Why You Should Pursue A Practical MBA

Why You Should Pursue A Practical MBA

When undertaking an academic degree such as the Master of Business Administration (MBA), there is always going to be an academic focus. Many higher education providers focus on the academic delivery of the degree, and often don’t recognise the importance of pairing academics with a practical focus. A practical MBA is one that allows students to apply their knowledge directly in the workplace. A degree becomes practical when the style of teaching differs – for example, a strong academic focused programme will provide students with many theories and journal articles. A practical based teaching method will also provide these theories, but then delve deeper into how they can be applied in a practical sense by comparing them against real workplace examples. If you are wondering whether you should pursue a practical MBA, read below to learn more.

The Australian Institute of Business uses the Work Applied Learning (WAL) model within the delivery of the MBA programme. As explained by the Global Centre for Work Applied Learning, ‘the WAL model recognises the workplace as the crucible of learning for change’. This model specifically researches in the context of enabling managers and professionals to learn and introduce change in their workplace, which is ideal for the vast majority of MBA students. WAL is based on a number of integrated concepts, including that of Action Research, Action Learning, Work-Based Learning, Reflective Practice and Case Research.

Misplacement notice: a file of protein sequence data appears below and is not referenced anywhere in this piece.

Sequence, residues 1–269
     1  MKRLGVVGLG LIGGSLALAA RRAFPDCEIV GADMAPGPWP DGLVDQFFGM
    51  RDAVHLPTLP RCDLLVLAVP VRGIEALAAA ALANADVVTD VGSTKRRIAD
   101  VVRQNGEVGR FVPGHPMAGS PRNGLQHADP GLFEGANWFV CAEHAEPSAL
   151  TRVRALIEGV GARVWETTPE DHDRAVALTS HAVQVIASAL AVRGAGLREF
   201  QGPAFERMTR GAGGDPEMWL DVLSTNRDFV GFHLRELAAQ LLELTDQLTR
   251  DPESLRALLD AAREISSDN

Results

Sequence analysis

Essentially, WAL ensures that there is relevant and immediate application of knowledge for working students. Pursuing this kind of practical MBA is particularly useful for working students as the knowledge can be applied in the workplace  whilst undertaking each subject . In many cases, this practical approach also results in workplace promotion during the MBA, rather than sometime afterwards. Management are able to see changes being made and a new level of strategic thinking, therefore choosing to recognise or promote the employee earlier.

It is a well-known fact that senior management positions require a high level of academic and practical business knowledge to perform their job well. It’s not uncommon for senior managers to consider undertaking the MBA to learn the theoretical side of their business, as many have risen to the top without a Bachelor’s degree in hand. If they undertake a practical MBA, it will be much easier for them to see the connection between the theories and the workplace, and it is more likely to be useful for their day-to-day role.

Finally, practical MBAs are also very useful for those who are looking for a new job throughout their studies. As you are formally trained in strategic thinking, you will be able to reflect on your studies and actively demonstrate your practical knowledge during a job interview. The WAL model allows students to identify where the theory can be applied in a number of different scenarios. For example, if the interviewer asks how you would handle a particular situation, chances are you will have discussed this in your MBA and will be able to form an answer which is relevant to the workplace rather than reciting theoretical concepts.

What do you think?

Do you see the benefits in obtaining a practical MBA over one which will just teach you the theories? I’d be interested to hear from both sides to learn the benefits of each study method and what you have found to be of use to you. 

This article was written by Laura Hutton on behalf of the Australian Institute of Business. All opinions are that of the writer and do not necessarily reflect the opinion of AIB. The following resources were used to compile this article: Australian Institute of Business and Global Centre for Work Applied Learning.

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